What kind of name is “Brené”?
Growing up, every time we drove from San Antonio to Houston, going to Stuckey’s—all these places where you buy monogrammed shirts and glasses—I was so put out because there was never a “Brené.” So I think I made up in my head that it was French. And then I hitchhiked across Europe after high school and I got to France and I was like, “Je suis Brené!” And they were like, “What kind of name is that?” They’d never heard of it. My parents just made it up. I had a whole narrative in high school—“When I bust out of this suburban Spring, Texas, high school I’m going to go back to France where my people are!” But, no, it’s not French—it’s south side San Antonio.
Can you tell me a bit about your family history in Texas?
Very German. I think my great-grandparents had the first beer garden in San Antonio. I’m not so sure that’s a great claim to fame. I’m a San Antonian, born and raised, and then I went to high school in, I guess it’s called Klein now—it was Spring when I was growing up, but now it’s Klein. I got my hair cut at the same place as Lyle Lovett—maybe also not another claim to fame. Then I came to Houston to go to graduate school and my husband did his residency in Houston.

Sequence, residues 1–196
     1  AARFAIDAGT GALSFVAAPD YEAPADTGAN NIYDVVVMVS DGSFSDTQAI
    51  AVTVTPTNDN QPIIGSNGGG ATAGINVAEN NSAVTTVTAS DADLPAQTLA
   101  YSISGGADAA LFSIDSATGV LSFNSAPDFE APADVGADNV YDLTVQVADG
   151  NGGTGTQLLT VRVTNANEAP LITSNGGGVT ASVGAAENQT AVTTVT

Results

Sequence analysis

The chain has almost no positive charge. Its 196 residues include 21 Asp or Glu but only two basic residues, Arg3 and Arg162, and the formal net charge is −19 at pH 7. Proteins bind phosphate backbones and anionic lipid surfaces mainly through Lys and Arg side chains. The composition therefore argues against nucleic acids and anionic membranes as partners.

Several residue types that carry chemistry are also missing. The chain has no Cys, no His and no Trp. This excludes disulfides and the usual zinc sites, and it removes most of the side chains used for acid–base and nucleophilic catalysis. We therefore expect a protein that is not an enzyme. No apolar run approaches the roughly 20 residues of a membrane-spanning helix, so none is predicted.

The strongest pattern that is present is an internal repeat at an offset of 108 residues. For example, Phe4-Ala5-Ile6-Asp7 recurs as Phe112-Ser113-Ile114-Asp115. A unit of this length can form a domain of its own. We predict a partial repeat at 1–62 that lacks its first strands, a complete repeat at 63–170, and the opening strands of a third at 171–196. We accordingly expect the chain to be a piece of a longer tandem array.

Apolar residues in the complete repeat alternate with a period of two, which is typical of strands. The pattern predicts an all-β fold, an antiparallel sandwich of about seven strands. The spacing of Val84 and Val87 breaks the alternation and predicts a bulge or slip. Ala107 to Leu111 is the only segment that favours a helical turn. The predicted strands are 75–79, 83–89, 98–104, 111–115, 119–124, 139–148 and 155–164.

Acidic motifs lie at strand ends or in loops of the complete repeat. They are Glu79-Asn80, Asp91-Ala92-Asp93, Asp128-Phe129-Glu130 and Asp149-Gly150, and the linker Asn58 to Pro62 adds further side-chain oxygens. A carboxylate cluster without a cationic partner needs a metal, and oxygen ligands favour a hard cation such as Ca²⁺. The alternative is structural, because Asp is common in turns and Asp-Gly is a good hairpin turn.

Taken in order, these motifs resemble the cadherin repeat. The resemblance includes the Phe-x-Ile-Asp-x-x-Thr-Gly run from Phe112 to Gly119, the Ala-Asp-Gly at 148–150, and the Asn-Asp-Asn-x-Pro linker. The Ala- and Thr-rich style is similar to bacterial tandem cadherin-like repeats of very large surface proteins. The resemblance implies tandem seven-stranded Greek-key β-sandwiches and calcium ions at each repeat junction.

So you’re a deep, dyed-in-the-wool Texan. Are those classic Texas virtues of stoicism and self-reliance in tension with a willingness to be vulnerable, which is what your book is about?
Yes. I think the reason why my TED talk has gone viral is because I don’t come to the subject of vulnerability with an open embrace. It goes against the way I was raised. Our family motto was “Lock and load.” Vulnerability isn’t something I come by easily, it’s something that I have to wrestle with; when I feel vulnerable my first reaction is to punch somebody in the face. But growing up being a Texan is also the source of my resilience. I’m very resolute in